We all (yes, men included) can be overcome with waves of anxiety when we have sex for the first time with a new partner. We suddenly experience a feeling of blood rushing to our head, rather than our private parts, and begin to shut down sexually. Feeling insecure in the bedroom can be triggered by past experiences or anticipation of future negative experiences.

This is known as sexual performance anxiety. Below, we've got five tips to fight back, and regain confidence in the bedroom.

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What Is Sexual Performance Anxiety?

Performance anxiety is more likely to occur in people who have insecurities about their sexual abilities, body type, or those who care too much about how proficient they are in bed. This is labeled as a social phobia under social anxiety in the DSM-V by the American Psychiatric Association. Social phobias are pronounced fears of exposure in social situations that provoke anxiety in people, and which can manifest both physically and mentally.

Dr. Jordan Tishler, a physician who treat patients with sexual problems, often using cannabis as medicine, believes bedroom anxiety is most common in certain scenarios.

"Often performance anxiety crops up in situations where there is a perceived experience difference between partners or a perceived power difference between partners," he told Medical Daily.

Although some find being "outclassed" by their partners as a turn on, most find it intimidating.

Men Vs. Women: Which Gender Is More At Risk?

Typically, sexual performance anxiety is discussed among men, because it can lead to the loss of erectile function, or the ability to get an erection. However, Tishler suggests it can refer to any anxiety, in any gender, that interferes with sexual function, orgasm, or satisfaction. For example, men worry about their penis not "measuring up", premature ejaculation, or taking too long to reach orgasm.

Dr. Fran Walfish, Beverly Hills family and relationship psychotherapist, author of The Self-Aware Parent, and co-star on Sex Box, WE tv., notes the fear of ejaculating too soon is a well-known fear among younger men.

"This is fairly common among young guys in the late teens and early 20’s who have had limitedsexual experience and an accumulated high level of excitation," she told Medical Daily.

Meanwhile, women's bedroom insecurities focus on not being able to have an orgasm, or enjoy sex.

"Essentially this sort of anxiety is the worst sort of distraction from sexual intimacy," Tishler said. "Sexual function does not work well in a distracted situation."

Read More: Surprising Reason More Sex May Be Key To Happiness

Below Tishler and Walfish share five tips to cope with performance anxiety solo or as a couple.

Do The Moves You Enjoy

Dealing with performance anxiety during sex starts with getting in bed. The more you enjoy yourself when you're naked, the less you'll worry about your performance. A 2010 study in PLoS ONE found having sex every day for two weeks led to growth in the hippocampus, the part of the brain that regulates stress levels. Getting into a routine, and having sex with your partner more frequently, will help you become comfortable with your body, and theirs.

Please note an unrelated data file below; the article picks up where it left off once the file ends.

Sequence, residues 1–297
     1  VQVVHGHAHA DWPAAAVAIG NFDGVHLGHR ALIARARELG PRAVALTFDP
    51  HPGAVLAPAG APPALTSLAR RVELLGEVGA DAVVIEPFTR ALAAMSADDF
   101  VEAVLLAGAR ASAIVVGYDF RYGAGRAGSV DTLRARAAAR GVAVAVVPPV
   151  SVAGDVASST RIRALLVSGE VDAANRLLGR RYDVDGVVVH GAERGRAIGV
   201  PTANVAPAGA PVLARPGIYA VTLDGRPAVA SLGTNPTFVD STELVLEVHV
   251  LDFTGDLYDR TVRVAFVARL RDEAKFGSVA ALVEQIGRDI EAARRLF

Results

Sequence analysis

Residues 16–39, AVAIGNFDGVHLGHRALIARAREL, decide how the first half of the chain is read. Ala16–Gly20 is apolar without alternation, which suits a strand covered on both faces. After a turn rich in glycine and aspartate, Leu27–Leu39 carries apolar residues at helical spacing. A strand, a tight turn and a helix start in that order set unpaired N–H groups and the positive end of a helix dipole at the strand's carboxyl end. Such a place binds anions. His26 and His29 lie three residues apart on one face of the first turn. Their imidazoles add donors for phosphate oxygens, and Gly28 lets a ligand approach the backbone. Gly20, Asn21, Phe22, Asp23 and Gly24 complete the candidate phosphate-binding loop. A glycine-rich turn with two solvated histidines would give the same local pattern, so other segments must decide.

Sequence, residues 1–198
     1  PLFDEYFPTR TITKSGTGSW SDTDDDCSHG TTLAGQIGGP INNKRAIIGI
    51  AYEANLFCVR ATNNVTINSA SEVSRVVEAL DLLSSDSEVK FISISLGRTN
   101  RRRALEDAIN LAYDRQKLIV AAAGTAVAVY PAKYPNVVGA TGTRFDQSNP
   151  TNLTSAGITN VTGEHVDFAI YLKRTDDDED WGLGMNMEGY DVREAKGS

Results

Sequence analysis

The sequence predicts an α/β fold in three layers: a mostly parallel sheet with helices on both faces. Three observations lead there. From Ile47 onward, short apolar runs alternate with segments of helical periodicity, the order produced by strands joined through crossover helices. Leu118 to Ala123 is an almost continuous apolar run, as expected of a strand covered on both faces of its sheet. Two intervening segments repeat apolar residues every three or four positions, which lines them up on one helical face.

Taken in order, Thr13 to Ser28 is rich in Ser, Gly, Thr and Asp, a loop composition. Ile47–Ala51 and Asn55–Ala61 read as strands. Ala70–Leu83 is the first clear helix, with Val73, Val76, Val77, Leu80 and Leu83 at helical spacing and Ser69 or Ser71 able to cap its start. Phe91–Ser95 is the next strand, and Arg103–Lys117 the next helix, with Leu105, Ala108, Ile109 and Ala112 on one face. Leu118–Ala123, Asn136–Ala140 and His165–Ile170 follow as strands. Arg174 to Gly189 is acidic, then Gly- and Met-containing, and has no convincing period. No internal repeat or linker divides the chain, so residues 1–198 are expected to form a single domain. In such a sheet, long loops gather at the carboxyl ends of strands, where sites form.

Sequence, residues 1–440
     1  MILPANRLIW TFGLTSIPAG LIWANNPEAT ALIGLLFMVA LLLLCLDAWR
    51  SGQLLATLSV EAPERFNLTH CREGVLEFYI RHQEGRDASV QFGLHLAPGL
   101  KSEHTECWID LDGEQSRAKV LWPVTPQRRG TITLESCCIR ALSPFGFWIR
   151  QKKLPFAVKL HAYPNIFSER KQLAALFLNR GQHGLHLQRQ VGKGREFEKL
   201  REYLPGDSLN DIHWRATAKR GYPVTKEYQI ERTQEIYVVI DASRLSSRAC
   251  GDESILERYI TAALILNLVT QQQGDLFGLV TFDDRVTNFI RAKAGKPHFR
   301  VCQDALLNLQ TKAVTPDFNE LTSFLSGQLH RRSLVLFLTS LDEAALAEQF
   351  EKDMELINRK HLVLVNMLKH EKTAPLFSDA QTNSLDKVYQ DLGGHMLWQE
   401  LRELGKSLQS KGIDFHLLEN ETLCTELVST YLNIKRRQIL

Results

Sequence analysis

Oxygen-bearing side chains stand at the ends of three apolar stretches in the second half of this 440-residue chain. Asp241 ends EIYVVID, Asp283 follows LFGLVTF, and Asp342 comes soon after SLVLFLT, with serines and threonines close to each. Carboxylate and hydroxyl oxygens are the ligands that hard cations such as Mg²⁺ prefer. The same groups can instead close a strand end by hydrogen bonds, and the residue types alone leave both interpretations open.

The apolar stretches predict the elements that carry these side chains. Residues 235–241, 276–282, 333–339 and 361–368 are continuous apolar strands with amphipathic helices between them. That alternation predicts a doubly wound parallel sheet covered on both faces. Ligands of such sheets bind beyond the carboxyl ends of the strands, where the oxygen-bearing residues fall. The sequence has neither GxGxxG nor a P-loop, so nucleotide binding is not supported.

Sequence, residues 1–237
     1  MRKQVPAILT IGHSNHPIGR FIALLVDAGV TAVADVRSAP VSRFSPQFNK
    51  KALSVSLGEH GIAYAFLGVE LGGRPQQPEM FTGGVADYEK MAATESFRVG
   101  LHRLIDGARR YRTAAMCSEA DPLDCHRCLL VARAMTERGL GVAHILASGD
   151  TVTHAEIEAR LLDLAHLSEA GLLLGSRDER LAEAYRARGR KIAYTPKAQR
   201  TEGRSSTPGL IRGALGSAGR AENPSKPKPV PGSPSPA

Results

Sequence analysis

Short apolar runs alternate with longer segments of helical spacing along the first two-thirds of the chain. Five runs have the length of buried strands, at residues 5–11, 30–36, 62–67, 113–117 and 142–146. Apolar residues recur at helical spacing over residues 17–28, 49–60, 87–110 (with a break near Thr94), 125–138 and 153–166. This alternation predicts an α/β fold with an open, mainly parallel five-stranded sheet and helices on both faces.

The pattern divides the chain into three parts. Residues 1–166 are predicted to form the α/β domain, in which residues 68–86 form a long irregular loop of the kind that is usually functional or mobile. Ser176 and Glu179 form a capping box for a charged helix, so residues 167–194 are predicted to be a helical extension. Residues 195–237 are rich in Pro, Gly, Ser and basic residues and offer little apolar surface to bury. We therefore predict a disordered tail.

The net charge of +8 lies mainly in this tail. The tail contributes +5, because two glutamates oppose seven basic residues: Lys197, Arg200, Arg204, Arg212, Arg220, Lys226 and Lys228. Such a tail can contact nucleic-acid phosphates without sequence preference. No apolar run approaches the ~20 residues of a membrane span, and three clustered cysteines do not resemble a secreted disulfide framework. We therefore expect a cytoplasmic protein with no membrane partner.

Go At Your Own Pace

Taking it slow in the bedroom could help alleviate your sexual anxiety, depending on its severity. Get to know your partner's touch, and vice versa to establish a physical comfort level. Moreover, a 2012 study conducted at Cornell University found the slower the sex, the better the relationship. Researchers noted slowing things down for women, but not men, meant focusing on other factors that would improve the relationship, such as commitment and emotional intimacy.

Be Mindful

Tishler suggests the key to overcoming performance anxiety is to focus in the moment on the intimacy, and having a supportive partner. Mindfulness can help couples achieve orgasm by placing an emphasis on the here and now. A 2011 study conducted at Brown University found women who took a three-month mindfulness meditation course, and spent time looking at racy photos, were more aroused, much more quickly.

Address The Situation

A simple but effective way to deal with bedroom anxiety is to identify the trigger. Tishler suggests this should be done in a variety of complementary ways.

"Focusing on sources of the anxiety are key and most likely to lead to a sustained solution," he said.

However, he suggests this be done as a long-term approach with either a partner, or in therapy solo.

Talk With Your Partner

Poor communication can hinder a physical and emotional connection, and further trigger performance anxiety. Walfish believes open communication is required in healthy sexual intercourse.

"Each partner needs to feel safe and comfortable saying what feels good and what doesn’t, what they like and do not like, what they want and don’t want from their partner," she said.

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